CCSG MCWG 2020-05-13T20:43:15-04:00

Marine Connectivity Working Group

Connectivity conservation is widely recognized as a key requirement for ensuring effective marine protected area networks and sustaining essential ecological processes of the planet’s oceans. The CCSG Marine Connectivity Working Group (MCWG) was formed in 2019 to meet the demand for connectivity conservation solutions that maintain, enhance, and restore the ecological connectivity of marine and coastal protected areas, marine biodiversity, and critical marine and coastal ecosystem services. MCWG is now ensuring that there is dedicated attention to connectivity science, policy, and management for marine and coastal areas guided by the following vision, mission, and objectives:


Marine and coastal ecosystems are healthy and sustainably managed through the application of science-based connectivity conservation measures that are effectively integrated into national, transboundary, and global marine conservation policies, programmes, and practice.


To advance marine connectivity conservation policies, programmes, and practice through collaboration in science, planning, management, governance, and policy with an emphasis on advancing practical guidance, principles, methods, and tools that maintain, restore, and enhance the long-term ecological integrity of marine protected areas, marine ecosystems, and other biodiversity-rich marine areas, including Key Biodiversity Areas and World Heritage Sites.


Scalloped hammerhead shark, Sphyrna lewini

  • Science – Monitor scientific developments, disseminate and share information, and provide broadly applicable guidance and principles based on emerging experience and practice for achieving effective marine and coastal connectivity conservation, including opportunities to use remote-sensing and other technologies and supportive policy tools in furtherance of international commitments and national goals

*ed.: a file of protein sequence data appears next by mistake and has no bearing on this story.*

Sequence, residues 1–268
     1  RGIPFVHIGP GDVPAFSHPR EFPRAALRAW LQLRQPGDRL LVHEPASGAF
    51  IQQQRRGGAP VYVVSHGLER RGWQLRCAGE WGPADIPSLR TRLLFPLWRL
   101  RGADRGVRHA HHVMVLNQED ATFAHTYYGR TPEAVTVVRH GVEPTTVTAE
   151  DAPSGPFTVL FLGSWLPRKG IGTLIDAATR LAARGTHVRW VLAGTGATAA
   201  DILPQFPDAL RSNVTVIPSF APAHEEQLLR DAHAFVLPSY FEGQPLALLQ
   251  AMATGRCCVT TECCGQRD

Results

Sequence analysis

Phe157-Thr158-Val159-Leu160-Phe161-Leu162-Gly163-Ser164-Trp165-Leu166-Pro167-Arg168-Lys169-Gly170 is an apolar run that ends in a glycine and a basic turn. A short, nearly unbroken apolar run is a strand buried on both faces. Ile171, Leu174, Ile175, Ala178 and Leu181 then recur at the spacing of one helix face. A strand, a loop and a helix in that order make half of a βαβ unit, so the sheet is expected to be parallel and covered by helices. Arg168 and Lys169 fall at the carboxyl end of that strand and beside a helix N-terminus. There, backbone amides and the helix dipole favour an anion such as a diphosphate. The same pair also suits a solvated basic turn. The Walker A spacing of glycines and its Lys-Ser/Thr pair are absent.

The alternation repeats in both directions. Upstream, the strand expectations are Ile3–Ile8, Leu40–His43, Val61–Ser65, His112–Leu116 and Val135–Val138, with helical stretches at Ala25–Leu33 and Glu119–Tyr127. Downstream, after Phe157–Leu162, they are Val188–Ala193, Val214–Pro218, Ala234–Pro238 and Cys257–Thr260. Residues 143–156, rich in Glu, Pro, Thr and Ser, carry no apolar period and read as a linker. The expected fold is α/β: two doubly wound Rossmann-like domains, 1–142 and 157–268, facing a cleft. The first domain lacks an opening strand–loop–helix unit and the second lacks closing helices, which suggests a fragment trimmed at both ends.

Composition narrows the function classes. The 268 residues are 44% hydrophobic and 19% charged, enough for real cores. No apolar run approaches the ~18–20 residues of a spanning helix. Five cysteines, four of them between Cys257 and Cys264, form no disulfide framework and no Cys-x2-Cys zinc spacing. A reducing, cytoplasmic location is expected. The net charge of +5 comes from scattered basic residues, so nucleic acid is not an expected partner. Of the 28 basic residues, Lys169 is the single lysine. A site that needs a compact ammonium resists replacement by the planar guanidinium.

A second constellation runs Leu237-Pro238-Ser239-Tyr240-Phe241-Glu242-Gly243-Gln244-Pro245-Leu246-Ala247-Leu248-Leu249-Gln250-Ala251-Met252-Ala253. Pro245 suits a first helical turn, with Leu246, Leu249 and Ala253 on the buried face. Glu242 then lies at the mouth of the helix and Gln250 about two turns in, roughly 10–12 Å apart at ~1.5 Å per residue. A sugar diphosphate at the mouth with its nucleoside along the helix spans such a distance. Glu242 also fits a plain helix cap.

• Planning – Monitor and disseminate principles and emerging practice for integrating marine connectivity needs and land-sea interconnectivity into marine and coastal spatial planning processes and plans as an integral component of national spatial planning processes and plans across all government levels and sectors.
  • Governance and participation – Promote active and effective governance and management (including through law and policy) to advance appropriate, science-based marine and coastal connectivity conservation measures supported by community participation and stakeholder involvement.
  • Communication, technical outreach, and support – Support development of marine connectivity conservation networks, technical outreach, and collaboration on initiatives for the application of marine and coastal connectivity conservation principles and practice within MCWG, CCSG, IUCN generally and its many marine specialists, and with the Convention on Biological Diversity (CBD), the Convention on Migratory Species (CMS), the Ramsar Convention on Wetlands of International Importance, other Multilateral Environmental Agreements (MEAs), the United Nations and related entities, universities, international NGOs, bilateral and regional governance actors, and other relevant fora.